For Immediate Release 9/3/13
Secretary Moniz Visits New Mexico Nuclear Weapons Labs in Usual Secrecy
No Hope or Change on Offer
Contact: Greg Mello, 505-265-1200 office; 505-577-8563 cell
Albuquerque -- Today Secretary of Energy Ernie Moniz is visiting Los Alamos and Sandia national laboratories (LANL and SNL, respectively).
The Department of Energy (DOE) is important in New Mexico, spending $4.5 billion annually in the state.
So far, the Obama Administration, the Energy Department under Drs. Chu and Moniz, and the members of the New Mexico Democratic congressional delegation have not yet announced any policies or programs, or any aspirations for programs, capable of making a truly significant difference in greenhouse gas emissions, fossil fuel dependence, or the economic prospects of sunny, windy (but dry) New Mexico.
Neither have these parties announced any truly significant management reforms at New Mexico's nuclear weapons laboratories or elsewhere in DOE's privatized nuclear weapons complex, which has remained on the Governmental Accountability Office's "Watch List" (for possible fraud, waste, and abuse of taxpayer funds) for 20 years. Repeated DOE Inspector General recommendations for deep structural reforms have been ignored.
In June, the Obama Administration announced the most costly 25-year nuclear warhead program -- $275 billion -- since the end of the Cold War. The costs presented in that report are widely considered to be too small, in the Administration and on Capitol Hill, and the overall plan is widely thought to be too ambitious to be achievable. A second report (pursuant to section 1043 of the fiscal year 2013 Defense Authorization Act), encompassing delivery systems and their cost -- at least $200 billion -- has been presented to Congress but is still secret. Thus the total cost for modernizing nuclear weapons over the next 25 years is in the neighborhood of one-half trillion dollars, exclusive of deployment. There are no plans for significant reform of this program, DOE's largest, or for significant reductions in the U.S. nuclear arsenal, exceeding 4,500 warheads in size.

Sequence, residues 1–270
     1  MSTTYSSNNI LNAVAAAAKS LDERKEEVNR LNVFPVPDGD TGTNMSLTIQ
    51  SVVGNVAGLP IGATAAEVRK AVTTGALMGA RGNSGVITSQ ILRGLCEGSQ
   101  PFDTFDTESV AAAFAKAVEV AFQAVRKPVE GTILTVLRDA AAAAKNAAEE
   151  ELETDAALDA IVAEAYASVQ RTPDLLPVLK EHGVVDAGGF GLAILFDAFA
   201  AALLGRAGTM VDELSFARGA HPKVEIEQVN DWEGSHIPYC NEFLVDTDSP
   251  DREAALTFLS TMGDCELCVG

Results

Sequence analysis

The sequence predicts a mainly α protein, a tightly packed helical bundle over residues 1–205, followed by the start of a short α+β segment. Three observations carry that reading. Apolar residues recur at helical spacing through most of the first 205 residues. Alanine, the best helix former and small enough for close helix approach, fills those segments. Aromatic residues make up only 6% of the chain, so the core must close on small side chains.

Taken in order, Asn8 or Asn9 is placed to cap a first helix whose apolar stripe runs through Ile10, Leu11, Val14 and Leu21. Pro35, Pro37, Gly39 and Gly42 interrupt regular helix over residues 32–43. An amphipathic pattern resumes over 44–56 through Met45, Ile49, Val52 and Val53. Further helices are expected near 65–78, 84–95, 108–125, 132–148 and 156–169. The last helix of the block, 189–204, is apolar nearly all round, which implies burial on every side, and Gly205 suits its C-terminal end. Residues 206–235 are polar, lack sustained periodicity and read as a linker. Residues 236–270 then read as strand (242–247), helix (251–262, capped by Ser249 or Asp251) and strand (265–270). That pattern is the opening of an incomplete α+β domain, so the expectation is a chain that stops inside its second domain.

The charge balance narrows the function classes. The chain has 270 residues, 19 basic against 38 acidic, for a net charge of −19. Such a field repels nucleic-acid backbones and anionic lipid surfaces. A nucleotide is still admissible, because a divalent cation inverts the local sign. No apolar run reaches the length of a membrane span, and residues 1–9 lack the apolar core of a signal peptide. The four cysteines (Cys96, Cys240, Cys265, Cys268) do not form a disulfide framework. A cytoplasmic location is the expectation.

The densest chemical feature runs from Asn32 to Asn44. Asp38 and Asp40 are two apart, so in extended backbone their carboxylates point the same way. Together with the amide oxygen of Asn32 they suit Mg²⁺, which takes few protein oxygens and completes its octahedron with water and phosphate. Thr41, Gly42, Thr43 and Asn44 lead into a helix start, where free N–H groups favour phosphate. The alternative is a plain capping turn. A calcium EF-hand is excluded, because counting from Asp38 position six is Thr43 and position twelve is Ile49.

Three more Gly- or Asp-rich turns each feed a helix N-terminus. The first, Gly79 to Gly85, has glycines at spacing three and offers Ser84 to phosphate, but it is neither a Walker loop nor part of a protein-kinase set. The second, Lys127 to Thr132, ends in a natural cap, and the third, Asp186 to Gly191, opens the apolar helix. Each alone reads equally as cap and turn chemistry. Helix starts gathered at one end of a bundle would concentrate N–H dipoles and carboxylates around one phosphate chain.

At Los Alamos, secret plans for additional underground plutonium warhead core ("pit") factory buildings proceed while paradoxically the main plutonium facility (PF-4 at Technical Area 55) is expected to remain partially shut down through the end of the year due to mismanagement of nuclear criticality safety. Dr. Moniz has not yet announced that he will thoroughly vet alternatives to the new plan (which is likely to cost billions of dollars) or include a new environmental impact statement (EIS) in his deliberations. Despite the centrality of PF-4 in all of his department's plans for plutonium at LANL, Dr. Moniz has not yet committed to making PF-4 structurally sound, per DOE regulations.
Dr. Moniz is meeting privately with laboratory officials, the Governor, and our congressional delegation, continuing the drift toward administration of New Mexico's future, rather than democratic processes.
It is very likely that the news media will frame any resulting stories within the frames provided by this small set of interest-conflicted actors, despite decades of expert advice otherwise, nationally and locally.
The New Mexico delegation (minus our two senators, who are in Washington tracking the politics of a possible direct military attack on Syria by the United States), and the Governor, are, like Secretary Moniz, also not offering any serious or significant program for energy transition or economic development in New Mexico.